A number of Liberal MPs have broken rank with the Prime Minister Tony Abbott to publicly declare their support for a spill motion, clearing the way for the Liberal Party to elect a new leader.
The news comes as MPs on Monday morning prepare to head into a party room meeting to decide whether they will replace Mr Abbott as leader.
Backbenchers have expressed their disappointment with Mr Abbott’s performance as prime minister, saying it is time for change.
Which MPs have publicly declared their support for a spill?
On Sunday night, Queensland MP Wyatt Roy, the youngest member of parliament at age 24, said he supported the spill.
“For too long we’ve been talking at the Australian public rather than with them,” Mr Wyatt said.
“I think our party room needs to hear from all potential candidates on their visions for the future of the government and the country.”
On Monday morning, Queensland MP Andrew Laming declared his support for the spill, saying he had changed his mind in the past 24-hours.
“I think we’re in a very difficult position,” Mr Laming said.
Mr Laming said the Prime Minister’s office’s refusal to abolish knights and dames had helped change his mind.
Senator Arthur Sinodinos said he would support the spill because he believed the Coalition ‘needed to have this discussion’.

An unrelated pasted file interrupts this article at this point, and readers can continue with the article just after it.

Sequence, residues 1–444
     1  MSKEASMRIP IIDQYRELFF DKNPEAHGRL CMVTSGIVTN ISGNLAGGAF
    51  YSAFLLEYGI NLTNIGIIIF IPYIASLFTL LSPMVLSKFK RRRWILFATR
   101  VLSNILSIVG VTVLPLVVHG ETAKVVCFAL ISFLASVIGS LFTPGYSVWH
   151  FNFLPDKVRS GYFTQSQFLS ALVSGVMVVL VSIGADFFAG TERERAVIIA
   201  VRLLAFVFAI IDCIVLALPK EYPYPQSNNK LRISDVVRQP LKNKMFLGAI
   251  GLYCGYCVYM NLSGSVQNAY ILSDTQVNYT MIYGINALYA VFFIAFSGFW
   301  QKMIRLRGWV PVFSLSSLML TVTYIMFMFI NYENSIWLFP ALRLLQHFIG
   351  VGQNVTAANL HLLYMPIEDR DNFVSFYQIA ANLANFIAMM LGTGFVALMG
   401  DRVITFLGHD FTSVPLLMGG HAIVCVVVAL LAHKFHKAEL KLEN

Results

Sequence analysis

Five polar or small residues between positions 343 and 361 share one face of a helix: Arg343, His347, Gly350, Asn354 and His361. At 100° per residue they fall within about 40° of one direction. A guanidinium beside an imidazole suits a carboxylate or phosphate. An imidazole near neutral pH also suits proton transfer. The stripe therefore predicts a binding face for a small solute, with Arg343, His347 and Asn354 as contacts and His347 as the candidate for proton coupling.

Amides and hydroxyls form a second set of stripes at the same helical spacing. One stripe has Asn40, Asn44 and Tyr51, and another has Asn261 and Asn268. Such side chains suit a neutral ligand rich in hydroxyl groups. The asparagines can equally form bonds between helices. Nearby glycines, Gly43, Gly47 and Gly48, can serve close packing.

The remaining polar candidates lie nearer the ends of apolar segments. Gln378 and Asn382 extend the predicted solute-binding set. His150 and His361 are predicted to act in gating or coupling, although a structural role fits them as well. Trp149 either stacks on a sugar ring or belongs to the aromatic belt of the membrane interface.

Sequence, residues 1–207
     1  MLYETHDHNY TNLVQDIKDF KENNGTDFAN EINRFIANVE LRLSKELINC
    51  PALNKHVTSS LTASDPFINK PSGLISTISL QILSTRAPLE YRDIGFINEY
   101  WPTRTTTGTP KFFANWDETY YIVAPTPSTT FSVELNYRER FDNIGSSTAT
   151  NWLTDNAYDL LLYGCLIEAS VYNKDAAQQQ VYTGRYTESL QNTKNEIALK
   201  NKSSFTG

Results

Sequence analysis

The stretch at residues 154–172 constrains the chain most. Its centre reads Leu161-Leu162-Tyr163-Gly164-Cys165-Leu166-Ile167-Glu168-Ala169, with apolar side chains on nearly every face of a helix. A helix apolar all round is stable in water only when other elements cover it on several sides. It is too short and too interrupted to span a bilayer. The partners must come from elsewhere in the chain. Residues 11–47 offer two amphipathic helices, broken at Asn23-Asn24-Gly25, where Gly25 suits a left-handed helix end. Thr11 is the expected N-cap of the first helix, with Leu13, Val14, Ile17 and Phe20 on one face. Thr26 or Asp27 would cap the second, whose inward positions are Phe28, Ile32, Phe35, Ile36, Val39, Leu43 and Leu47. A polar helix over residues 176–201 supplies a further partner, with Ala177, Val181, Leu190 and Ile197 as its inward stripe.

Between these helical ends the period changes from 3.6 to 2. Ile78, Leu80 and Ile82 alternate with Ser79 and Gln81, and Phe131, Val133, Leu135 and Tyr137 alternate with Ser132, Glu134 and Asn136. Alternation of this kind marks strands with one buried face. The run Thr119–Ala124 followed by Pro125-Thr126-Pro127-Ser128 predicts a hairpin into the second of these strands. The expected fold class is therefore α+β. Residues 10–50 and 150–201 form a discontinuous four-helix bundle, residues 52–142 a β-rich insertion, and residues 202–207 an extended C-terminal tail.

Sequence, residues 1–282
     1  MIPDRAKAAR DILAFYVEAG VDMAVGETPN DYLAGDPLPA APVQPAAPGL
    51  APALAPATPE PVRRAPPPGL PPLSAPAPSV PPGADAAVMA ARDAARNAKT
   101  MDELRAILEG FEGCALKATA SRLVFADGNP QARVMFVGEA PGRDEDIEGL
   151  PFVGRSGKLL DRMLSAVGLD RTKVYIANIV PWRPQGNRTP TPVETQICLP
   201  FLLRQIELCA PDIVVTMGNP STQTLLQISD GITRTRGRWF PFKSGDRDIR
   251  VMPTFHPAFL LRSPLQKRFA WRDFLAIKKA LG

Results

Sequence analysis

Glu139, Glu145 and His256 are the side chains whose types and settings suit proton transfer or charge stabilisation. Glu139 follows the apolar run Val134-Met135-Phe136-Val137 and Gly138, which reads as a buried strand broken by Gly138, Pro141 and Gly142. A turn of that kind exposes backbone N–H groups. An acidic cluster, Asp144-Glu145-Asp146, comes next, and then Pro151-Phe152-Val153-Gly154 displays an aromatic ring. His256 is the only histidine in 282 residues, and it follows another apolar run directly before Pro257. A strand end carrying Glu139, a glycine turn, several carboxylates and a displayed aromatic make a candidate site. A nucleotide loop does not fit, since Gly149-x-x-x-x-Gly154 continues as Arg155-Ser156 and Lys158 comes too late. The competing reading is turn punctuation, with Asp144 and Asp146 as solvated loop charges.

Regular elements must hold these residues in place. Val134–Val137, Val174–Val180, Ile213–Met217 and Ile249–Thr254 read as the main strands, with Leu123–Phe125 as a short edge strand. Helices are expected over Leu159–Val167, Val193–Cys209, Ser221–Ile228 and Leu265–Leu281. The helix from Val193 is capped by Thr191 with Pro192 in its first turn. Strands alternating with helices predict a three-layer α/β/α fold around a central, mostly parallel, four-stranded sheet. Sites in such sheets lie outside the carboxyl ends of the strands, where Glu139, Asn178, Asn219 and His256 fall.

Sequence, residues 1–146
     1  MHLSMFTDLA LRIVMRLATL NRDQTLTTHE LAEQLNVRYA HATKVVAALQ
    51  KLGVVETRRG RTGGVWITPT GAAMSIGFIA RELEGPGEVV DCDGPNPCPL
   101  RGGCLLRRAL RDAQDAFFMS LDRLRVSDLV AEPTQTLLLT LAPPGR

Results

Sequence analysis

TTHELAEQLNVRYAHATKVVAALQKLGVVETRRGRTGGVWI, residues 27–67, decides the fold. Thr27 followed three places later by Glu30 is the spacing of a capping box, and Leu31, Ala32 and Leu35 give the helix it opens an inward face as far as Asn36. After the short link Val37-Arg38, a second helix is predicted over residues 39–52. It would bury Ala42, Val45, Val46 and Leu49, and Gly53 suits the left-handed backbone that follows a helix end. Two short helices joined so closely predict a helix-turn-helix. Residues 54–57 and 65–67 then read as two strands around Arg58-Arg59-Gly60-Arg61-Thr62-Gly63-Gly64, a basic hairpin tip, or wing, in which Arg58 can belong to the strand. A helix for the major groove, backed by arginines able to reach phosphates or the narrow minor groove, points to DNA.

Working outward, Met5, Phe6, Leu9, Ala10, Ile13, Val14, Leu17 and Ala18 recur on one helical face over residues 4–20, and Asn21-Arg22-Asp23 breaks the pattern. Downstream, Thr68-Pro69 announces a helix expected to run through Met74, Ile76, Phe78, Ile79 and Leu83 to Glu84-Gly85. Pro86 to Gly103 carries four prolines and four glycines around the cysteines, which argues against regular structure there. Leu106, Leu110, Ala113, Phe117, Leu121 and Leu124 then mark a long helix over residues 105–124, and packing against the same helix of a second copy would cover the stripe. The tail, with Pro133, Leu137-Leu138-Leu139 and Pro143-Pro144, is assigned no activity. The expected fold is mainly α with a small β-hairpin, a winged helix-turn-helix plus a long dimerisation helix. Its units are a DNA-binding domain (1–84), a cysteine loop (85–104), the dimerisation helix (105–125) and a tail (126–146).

“I will vote for a spill as that will help precipitate a discussion,” Mr Sinodinos said, expressing disappointment that Mr Abbott moved the spill forward by one day.
“Tuesday is the appropriate time to consider this issue with calm reflection rather than have the pressure of the clock on Monday,” he told The Australian.
Victorian MP Sharman Stone revealed on Sunday she would be voting for the spill because her electorate in regional Victoria ‘wanted to see change’.
“I believe there should be a spill,” Ms Stone said.
Ms Stone was highly critical of Mr Abbott last year after the government refused her request to provide $25 million and join the Victorian Government in bailing out the embattled SPC Ardmona fruit processing plant in her electorate.
Western Australian MP Luke Simpkins called for the spill on Friday, saying the government was ‘disconnected’ with the Australian public.
Mr Simpkins said he called for the spill because he believed it was “in the best interests of the people of our country”.
“I think we must bring this to a head,” he said.
Don Randall, a fellow Western Australian MP, seconded the spill after sharing the same concerns as Mr Simpkins.
Speaking on Sky News on Sunday night, Mr Randall said discontent would continue within the Coalition even if the spill was defeated.
West Australian MP Dennis Jensen was one of the first MPs to call for Mr Abbott to be replaced, calling his prime ministership “terminal”.
“We can’t continue with Mr Abbott as leader,” Mr Jensen told News Corp, saying he informed the Prime Minister that he no longer enjoyed his support several weeks ago.